The Four Pillars of Individual Proficiency, Part Three – Forward Observer Shop

The Four Pillars of Individual Proficiency, Part Three

While USASOC has traditionally used a 25 meter distance as the standard for delineating close-quarters marksmanship, as so many current trainers with special operations backgrounds, I firmly believe this needs to be stretched out to the 0-100 meter range. If you can reliably put a round into the head-box of an IPSC silhouette at 50 meters in less than one second, you’ll generally find that doing it in the same time, or faster, at 10-25 meters is cake, and even on a mover, it’s possible at the closer ranges. The reality is that the partisan force survives combat with a larger force by running away to fight another day, or—when that is not possible, for whatever reason—by getting inside the envelope of indirect-fire weapons. The fight, when it is otherwise unavoidable, will be up-close and personal. And while proximity can negate skill, vastly superior skill can still overcome that.

Ultimately, regardless of the best of our intentions, the fight will be what the fight will be. Do you think a bad guy could NEVER get inside your preferred range envelope, because of your early warning devices or your plans to establish observation posts for perimeter security? I’ve got some AMAZING beach-front condos for sale, about five minutes from downtown Tuscon. I’ll sell them cheap too!

Your mastery of the up-close and personal gunfight, inside of 100 meters, will offer you the best chance of survival and success when the fight decides it will be what you don’t want it to be.

Don’t allow your hubris to be your nemesis. As Americans, we all want to believe we can shoot the testicles off a gnat at 600 meters, but I’ve seen a lot of “expert riflemen,” who cannot reliably and consistently hit a stationary silhouette at 200 meters. I’ve seen more than a few who couldn’t hit it at 100 meters, despite having the “Rifleman” badge from their Appleseed shoot. Set standards, and then achieve those standards.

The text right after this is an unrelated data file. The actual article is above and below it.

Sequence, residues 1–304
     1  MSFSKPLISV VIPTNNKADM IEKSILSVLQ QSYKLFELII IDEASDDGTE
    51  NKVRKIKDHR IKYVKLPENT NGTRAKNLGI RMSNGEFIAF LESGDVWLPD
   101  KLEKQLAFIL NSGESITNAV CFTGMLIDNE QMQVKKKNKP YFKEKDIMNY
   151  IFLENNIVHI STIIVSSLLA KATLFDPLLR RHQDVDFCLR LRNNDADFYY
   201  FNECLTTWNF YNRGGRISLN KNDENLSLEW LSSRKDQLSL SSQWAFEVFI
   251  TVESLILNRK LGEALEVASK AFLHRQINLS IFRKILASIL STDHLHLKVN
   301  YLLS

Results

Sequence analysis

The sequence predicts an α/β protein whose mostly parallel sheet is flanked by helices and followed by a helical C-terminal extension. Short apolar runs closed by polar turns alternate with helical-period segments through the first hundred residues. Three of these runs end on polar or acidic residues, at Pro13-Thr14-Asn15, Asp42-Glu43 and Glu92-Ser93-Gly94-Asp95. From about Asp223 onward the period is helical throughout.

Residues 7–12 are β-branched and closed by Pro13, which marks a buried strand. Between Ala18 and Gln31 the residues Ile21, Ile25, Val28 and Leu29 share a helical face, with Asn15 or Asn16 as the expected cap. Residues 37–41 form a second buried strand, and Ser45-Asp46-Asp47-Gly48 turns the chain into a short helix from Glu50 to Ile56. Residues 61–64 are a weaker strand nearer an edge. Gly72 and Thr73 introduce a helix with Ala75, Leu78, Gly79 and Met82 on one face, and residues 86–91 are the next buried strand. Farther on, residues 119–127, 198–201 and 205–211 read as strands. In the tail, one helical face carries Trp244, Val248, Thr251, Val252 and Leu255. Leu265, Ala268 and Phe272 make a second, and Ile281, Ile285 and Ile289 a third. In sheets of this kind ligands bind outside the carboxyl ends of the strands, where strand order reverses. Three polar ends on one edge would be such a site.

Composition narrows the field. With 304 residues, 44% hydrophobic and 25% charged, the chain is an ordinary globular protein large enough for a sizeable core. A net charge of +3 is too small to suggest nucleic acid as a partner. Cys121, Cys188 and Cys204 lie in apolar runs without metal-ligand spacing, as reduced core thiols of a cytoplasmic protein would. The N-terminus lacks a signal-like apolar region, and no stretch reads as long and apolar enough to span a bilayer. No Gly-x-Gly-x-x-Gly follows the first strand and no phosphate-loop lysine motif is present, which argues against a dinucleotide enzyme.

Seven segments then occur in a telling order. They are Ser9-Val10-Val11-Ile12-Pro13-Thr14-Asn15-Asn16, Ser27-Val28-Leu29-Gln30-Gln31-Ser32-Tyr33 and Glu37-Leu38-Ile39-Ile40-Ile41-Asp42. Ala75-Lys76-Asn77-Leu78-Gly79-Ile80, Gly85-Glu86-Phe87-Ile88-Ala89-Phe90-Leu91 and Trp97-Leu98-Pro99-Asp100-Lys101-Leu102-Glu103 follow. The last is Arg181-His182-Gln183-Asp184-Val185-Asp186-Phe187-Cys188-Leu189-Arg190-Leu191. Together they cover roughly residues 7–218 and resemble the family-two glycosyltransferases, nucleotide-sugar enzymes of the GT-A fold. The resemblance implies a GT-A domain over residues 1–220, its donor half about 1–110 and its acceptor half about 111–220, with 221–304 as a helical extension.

Marksmanship programs, like any well-planned and executed training, should follow the crawl-walk-run method of teaching and learning. We don’t try to teach a kid to read before they know their ABC’s, and we don’t have kindergarten kids reading Tolstoy’s War and Peace. It’s important for people to understand that fights don’t happen on square ranges, and they need to learn to impart their marksmanship and gun-handling skills in field environments. At the same time though, dumping the basic, square-range work, just to “keep it real,” is equally retarded. Build your fundamental gun-handling, and the ability to hit the target, and then add in the modifiers that make it more difficult and realistic.

On the same note, marksmanship is the foundation of gun-handling. That having been said, too often overlooked is the importance of other aspects of gun-handling, from speed and tactical reloads, to clearing malfunctions and other stoppages. All other things being equal, these skills will make the difference in a fight. Hitting a target, even at 500 meters, is really pretty simple. It’s a matter of lining the sights up properly, and firing the shot, without moving the sights off the correct alignment, until after the bullet has left the muzzle. Any moron can be taught, given adequate coaching and patience. Being able to shoot well does not make you a special snowflake. Being able to keep your gun in a fight is what will make the difference in a fight.

Too often though, even with the emphasis on speed reloads and tactical reloads, too many trainers keep it easy, in my experience. You need to practice speed reloads and tactical reloads, but not JUST from the standing position. It’s great that you can hit a 2.4 second speed reload. How long does it take you to do it in the prone? Is that going to be fast enough?

Finally, we need to add time as a factor into our training for marksmanship and weapons-handling. There are—as some have pointed out—not likely to be any shot timers on a battlefield…except the most important shot timer of all. That is the other guy, who I promise you, WILL be trying to shoot you faster than you can shoot him. Only the use of a shot timer in your training will empirically tell you whether you are actually fast and getting faster, or not.